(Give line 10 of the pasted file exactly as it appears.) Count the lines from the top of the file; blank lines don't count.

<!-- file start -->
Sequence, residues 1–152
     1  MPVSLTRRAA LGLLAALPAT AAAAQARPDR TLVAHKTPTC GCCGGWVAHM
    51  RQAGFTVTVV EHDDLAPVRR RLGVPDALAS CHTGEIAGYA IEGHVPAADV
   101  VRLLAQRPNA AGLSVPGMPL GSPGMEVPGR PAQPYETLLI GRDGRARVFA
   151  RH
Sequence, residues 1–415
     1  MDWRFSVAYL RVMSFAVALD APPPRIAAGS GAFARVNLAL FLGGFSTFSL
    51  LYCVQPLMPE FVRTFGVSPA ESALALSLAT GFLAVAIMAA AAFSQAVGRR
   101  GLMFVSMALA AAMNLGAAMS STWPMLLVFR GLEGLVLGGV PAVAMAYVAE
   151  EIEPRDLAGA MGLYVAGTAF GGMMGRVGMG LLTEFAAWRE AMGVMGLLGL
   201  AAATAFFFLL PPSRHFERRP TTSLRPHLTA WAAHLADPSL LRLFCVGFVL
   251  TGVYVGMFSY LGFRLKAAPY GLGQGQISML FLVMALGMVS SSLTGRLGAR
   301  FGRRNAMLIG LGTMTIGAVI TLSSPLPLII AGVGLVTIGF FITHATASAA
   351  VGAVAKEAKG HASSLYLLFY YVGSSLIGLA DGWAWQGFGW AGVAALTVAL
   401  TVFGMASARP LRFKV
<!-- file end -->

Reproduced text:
   151  EIEPRDLAGA MGLYVAGTAF GGMMGRVGMG LLTEFAAWRE AMGVMGLLGL